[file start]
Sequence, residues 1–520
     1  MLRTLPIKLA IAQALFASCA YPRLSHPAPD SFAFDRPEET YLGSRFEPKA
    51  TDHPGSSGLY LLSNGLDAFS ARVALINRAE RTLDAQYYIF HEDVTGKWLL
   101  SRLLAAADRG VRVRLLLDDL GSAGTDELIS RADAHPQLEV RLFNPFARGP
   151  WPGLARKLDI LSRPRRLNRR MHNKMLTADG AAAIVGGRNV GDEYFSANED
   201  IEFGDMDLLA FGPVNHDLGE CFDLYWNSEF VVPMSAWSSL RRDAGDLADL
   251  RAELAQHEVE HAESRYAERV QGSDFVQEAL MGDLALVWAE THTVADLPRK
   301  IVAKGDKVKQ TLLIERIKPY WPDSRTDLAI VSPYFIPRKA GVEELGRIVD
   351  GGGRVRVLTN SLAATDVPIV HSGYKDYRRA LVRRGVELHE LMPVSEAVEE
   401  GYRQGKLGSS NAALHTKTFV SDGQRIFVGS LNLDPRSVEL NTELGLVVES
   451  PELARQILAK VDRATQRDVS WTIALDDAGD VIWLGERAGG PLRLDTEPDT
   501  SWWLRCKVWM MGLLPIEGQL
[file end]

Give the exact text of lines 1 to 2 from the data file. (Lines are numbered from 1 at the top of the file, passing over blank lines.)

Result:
Sequence, residues 1–520
     1  MLRTLPIKLA IAQALFASCA YPRLSHPAPD SFAFDRPEET YLGSRFEPKA